Stone asked that the Findings, Facts and Conclusions of Law and the Exhibits appeneded be made part of the record.

There is an e-mail from a nearby property owner suggesting there is flooding on the north end of this property. He understands this has been flood-irrigated pastureland. That problem will probably disappear when this property no longer is flood irrigated.

There is also a letter from Talent Irrigation District (TID) suggesting the water rights be relinquished. Stone said that is customary.

The two trees requested for removal are Lombardi poplars. The Tree Commission and others agree these are undesirable trees.

Stone said they find no objections to the Conditions of approval.

The street is not intended to be a cul-de-sac. It is a street that is intended to be extended. McLaughlin said the street is about 470 feet. The length of a cul-de-sac is 500 feet, excluding the turnaround.

Briggs noted Condition 13 talks about planting two trees in place of the two significant Lomardi poplars. Can we ask the applicant plant four trees?

Stone does not object to planting four trees. Stone said the landscape/irrigation plan will be submitted as part of Final Plan.

JIM SWARTS, 1010 Clay Street, said he has several issues of concern. The present owners of the property on the south side adjacent to Lots 7, 8 and 9 is concerned about the potential loss of privacy and loss of view. He would like the applicant to install at least a six foot high fence. That would help dampen the noise. He is also requesting that Lots 7, 8, and 9 be single story in order to not obliterate their view.

There has been no mention of underground surface water. A number of homes on Clay Street have had to build curtain drains around their homes. There is a sinkhole at 940 Clay filled with ground water. He is concerned about additional traffic and parking problems. There has been no mention of garages. Since there is only parking on one side of the street, where will everyone park? He is also concerned that the applicant has been allowed to plan for ten homes instead of eight.

KenCairn explained there are not ordinances that will protect views. Swarts hoped there could be a compromise on the part of the developer.

Chapman told Swarts the water issues are handled by Engineering.

CRAIG GORSON, 1000 Clay Street, showed the layout of homes in the area. He spoke about density. He gets a lot of water on his property from Canyon Park Drive. He would like to see plans for what the homes will look like.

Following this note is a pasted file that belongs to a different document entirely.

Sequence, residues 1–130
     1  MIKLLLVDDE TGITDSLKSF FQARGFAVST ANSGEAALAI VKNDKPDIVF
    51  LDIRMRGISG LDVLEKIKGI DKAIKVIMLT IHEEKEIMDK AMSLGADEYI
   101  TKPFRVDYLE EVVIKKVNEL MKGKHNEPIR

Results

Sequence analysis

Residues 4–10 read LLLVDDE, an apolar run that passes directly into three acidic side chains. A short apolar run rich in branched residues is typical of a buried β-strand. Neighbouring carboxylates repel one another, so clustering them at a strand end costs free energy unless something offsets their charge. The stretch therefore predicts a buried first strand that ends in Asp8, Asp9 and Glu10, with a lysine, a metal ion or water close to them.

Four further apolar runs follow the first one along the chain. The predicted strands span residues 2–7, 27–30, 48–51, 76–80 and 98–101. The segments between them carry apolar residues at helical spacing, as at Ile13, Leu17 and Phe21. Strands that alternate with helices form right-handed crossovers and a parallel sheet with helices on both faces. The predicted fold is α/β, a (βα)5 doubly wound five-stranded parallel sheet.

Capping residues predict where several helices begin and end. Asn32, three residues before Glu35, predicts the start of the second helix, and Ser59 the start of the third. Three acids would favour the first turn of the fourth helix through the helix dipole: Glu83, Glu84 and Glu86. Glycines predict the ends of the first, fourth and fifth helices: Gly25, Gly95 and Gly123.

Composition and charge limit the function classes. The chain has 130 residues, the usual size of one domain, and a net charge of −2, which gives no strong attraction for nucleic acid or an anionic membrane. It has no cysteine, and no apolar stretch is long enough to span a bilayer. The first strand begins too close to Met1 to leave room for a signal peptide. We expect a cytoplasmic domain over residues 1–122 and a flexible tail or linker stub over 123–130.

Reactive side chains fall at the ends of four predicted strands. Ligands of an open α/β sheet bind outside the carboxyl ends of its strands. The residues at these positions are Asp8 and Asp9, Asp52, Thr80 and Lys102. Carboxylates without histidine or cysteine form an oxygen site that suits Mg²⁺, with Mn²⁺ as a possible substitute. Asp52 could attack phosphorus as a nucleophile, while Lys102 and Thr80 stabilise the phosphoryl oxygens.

Stone responded to the testimony by the neighbors. Stone said the views are not considered an approval standard under the Performance Standards Option development. There should not be much obstruction of views. They plan to fence the property, but would not object to a Condition, however, they do not want to be limited to single story homes. There will be an underground storm drain created to channel it to the underground system on Clay Street. That should eliminate the problem. Each dwelling will have a garage. They don't expect to see any overflow parking into the adjacent neighborhoods unless there is a special occasion. The Performance Standards Option allows for a base density and density bonus. His client is providing energy conservation, making the project eligible for a 15 percent density bonus.

Stone said the land to the east could be developed with more homes. The land is privately held. It has been earmarked for acquisition by the City for future parks purposes. It may require some form of relief from the cul-de-sac standard. The streets are adequate. There are 24 dwellings that take access on Clay Street. This development will add ten more. Clay Street probably has a capacity of 3,000 to 5,000 vehicle trips per day. According to the Trip Generation Manual, a single family dwelling produces slightly less than ten trips per day per dwelling adding up to 440 trips per day.

Richardson said the parking will alternate from one side of the street to the other.

Add a Condition 21 that a six foot high fence shall be installed along the rear property line of Lots 7, 8, and 9 made of wood.

Staff Response
Harris said the utility plan does show a curtain drain along lots 7 through 10. They are showing a private storm drain. She believes they are aware of the water issue. A grading plan will be required at Final Plan. The limitation is on the streets that are 500 feet in length. It is not limited to the number of units.

Morris moved to approve PA2004-001 with the added Conditions. Hanson seconded the motion and it was approved unanimously.

McLaughlin said he is looking at the fourth Saturday in April to hold the Planning Commissioners' annual retreat. The Commissioners said they like looking at projects they have approved. McLaughlin asked them to think about any topics or training. The retreat will run from about 9:00 a.m. (topic in the morning), lunch and the tour. It would end at about 2:00 to 3:00 p.m.

ADJOURNMENT - The meeting was adjourned at 10:20 p.m.